Dubai stocks plunge to 14-month low
Concerns over the viability of Dubai Holding, owned by the emirate’s ruler, prompted investors Sunday to dump equities in a mass sell-off.
June 7, 2010 10:00 by Rasha Reslan
Dubai’s index fell to a 14-month low on Sunday as worries over the financial health of Dubai Holding, owned by the emirate’s ruler, and an end-of-week sell-off in global equities pushed Middle East investors to the exit.
Other regional markets also declined, with the latest worries in the euro-zone increasing risk aversion.
Dubai fell 1.8 percent to 1,513 points – its lowest close since March 18, 2009. The Abu Dhabi index fell 1.3 percent to 2,538 points.
“There are jitters about Dubai Holding rolling over some of its debt and although officials say it won’t need to restructure debts there have been various articles saying this could still happen,” said Zahed Chowdhury of Al-Mal Capital. “This is causing uncertainty.”
On Tuesday, Dubai Holding’s main unit said it may resort to asset sales to deal with its debt after posting a $6.2 billion loss for 2009, while in late May, investment arm Dubai International Capital asked for a three-month delay on debt repayment.
Emaar Properties and fellow developer Deyaar dropped 3.1 and 1.5 percent respectively.
On Thursday, Credit Suisse issued a report saying Dubai residential property prices could fall another 15 percent to 20 percent as oversupply peaks in 2011.
The Kuwaiti index dropped 0.4 percent to 6,709 points.
Saudi Basic Industries Corp. (SABIC) fell 1.5 percent, declining for a fourth day on worries a debt crisis in the euro zone would harm a global economic recovery and, with it, demand for petrochemical products.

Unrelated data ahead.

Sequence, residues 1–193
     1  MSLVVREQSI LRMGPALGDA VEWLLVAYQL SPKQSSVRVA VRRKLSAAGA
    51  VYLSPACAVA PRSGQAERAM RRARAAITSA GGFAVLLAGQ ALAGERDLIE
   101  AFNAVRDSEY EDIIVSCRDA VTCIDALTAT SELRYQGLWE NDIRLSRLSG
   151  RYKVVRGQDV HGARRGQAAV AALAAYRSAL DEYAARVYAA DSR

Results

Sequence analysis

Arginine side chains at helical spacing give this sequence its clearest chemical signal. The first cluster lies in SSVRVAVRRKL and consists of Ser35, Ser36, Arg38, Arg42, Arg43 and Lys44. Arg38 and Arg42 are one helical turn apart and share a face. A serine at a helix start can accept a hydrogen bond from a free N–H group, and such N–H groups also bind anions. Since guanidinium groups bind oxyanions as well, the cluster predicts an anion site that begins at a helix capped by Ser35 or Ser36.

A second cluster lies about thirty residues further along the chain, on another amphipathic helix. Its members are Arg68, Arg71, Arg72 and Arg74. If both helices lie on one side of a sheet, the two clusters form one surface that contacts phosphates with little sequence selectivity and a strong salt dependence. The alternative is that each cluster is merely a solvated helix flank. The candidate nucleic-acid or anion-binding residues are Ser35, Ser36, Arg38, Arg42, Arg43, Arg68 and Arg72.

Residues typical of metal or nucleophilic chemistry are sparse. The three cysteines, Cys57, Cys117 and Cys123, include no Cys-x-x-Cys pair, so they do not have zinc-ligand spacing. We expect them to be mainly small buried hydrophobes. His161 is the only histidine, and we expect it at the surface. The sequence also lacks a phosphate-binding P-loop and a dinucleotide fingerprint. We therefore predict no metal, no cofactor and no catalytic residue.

Saudi Arabia’s Tadawul All-Share Index (TASI) slipped 0.05 percent, taking its losses to 14.5 percent since April 26’s 18-month high. The index closed at 5,924.59 points. On the sector front, 7 sectors saw negative closes, whereas 8 sectors managed to close with gains. Declining sectors ranged from a loss of 0.10 percent in the Banks & Financial Services sector, to a loss of 1.85 percent in the Insurance sector. Gains on the other hand ranged from 0.04 percent in the Real Estate Development sector, to a gain of 2.49 percent in the Energy & Utilities sector. Overall market breadth is still negative, with 56 advancers and 63 decliners recording an AD ratio of 0.89, the Financial Transaction House (FTH) said in its daily market commentary.
Saudi Electricity Co. shares rose 3 percent, gaining for a second day since saying it would raise tariffs for government, commercial and industrial users as of July 1.
In Egypt, CIB dropped 3.9 percent and Orascom Telecom declined 5.7 percent. The pair are typically among the top picks for foreign funds, implying overseas investors were easing back on Cairo stocks. The Egypt index dipped 2.3 percent to 6,367 points.
“The de-risking on global and emerging markets in May is continuing this month, but at a slower pace,” added Chowdhury.
Oman insurance stocks declined after a cyclone ravaged the country last week, killing 16 people, while other shares also dipped, tracking losses on regional and global markets as Muscat’s index slumped to a 2010 low.
Oman United Insurance Co. fell 5.6 percent and Dhofar Insurance dropped 1.2 percent. The Omani index fell 0.9 percent to 6,140 points.
The Qatari index slipped 0.4 percent to 6,774 points.